Genome Sequencing Finds Genetic Heterogeneity in Optic Nerve Hypoplasia

February 12, 2020

Using whole genome sequencing, researchers were able to determine genetic heterogeneity in patients with optic nerve hypoplasia (ONH), according to a study published in PLoS One.

Using whole genome sequencing, researchers were able to determine genetic heterogeneity in patients with optic nerve hypoplasia (ONH), according to a study published in PLoS One.

ONH, a congenital malformation, is a common cause of visual impairment in children and is associated with brain malformations and neurodevelopmental disorders. The disease results in a reduced number of retinal ganglion cell axons in a thin optic nerve. Although the cause is unknown, environmental and genetic sources have been proposed in the past.

Researchers performed array comparative genomic hybridization and whole genome sequencing on 29 individuals with ONH in order to determine genetic heterogeneity. The population-based, cross-sectional cohort was selected from children and young adults with ONH from Stockholm, Sweden. Eighteen individuals with bilateral ONH and 11 with unilateral ONH were included.

Patients with ONH often have coexisting pituitary hormone deficiencies, intellectual disabilities, or other brain malformations. In the study, 10 participants (34%) had an intellectual disability, while 4 patients had an autism spectrum disorder.

Overall, 11 rare single nucleotide variants (SNVs) were identified in 10 individuals, including:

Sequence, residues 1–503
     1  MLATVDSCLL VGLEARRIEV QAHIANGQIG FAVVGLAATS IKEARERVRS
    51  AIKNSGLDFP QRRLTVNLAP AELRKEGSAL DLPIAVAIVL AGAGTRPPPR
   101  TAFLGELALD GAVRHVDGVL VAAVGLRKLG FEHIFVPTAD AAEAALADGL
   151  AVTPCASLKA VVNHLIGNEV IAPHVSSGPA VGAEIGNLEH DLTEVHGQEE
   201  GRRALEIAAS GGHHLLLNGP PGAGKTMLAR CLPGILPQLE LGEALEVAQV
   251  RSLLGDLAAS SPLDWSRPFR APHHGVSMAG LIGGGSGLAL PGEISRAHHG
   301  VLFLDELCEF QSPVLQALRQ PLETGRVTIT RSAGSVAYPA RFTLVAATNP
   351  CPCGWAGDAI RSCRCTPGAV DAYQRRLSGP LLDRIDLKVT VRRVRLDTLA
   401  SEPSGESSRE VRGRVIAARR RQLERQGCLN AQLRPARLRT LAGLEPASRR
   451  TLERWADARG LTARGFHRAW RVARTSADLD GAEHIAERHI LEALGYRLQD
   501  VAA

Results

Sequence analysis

• A homozygous variant in KIF7 (previously associated with Joubert syndrome)
  • A heterozygous de novo variant in COL4A1 (previously described in an individual with porencephaly)
  • A homozygous variant in COL4A2
  • A heterozygous deletion of 341 kb involving exons 7-18 of SOX5 (associated with Lamb-Schaffer syndrome)

“The overall diagnostic yield of pathogenic or likely pathogenic variants in individuals with ONH using whole genome sequencing was 4 out of 29 (14%),” researchers said. In addition to proving genetic causes of ONH are not rare, results indicate genetic testing may be valuable in a substantial proportion of individuals with ONH.

“In total, 4 out of 11 (36%) of all the rare SNVs identified were in COL4A1 or COL4A2,” researched found. They continued, “This is the first whole genome sequencing study of a cohort with ONH…Likely, ONH can be caused of monogenic, polygenic, and environmental factors, single or in combinations.”

Researchers believe increased use of whole genome sequencing in the future can lead to more individuals with ONH receiving a genetic diagnosis.

Reference

Dahl S, Pettersson M, Eisfeldt J, et al. Whole genome sequencing unveils genetic heterogeneity in optic nerve hypoplasia. PLoS One. 2020;15(2):e0228622. doi: 10.1371/journal.pone.0228622.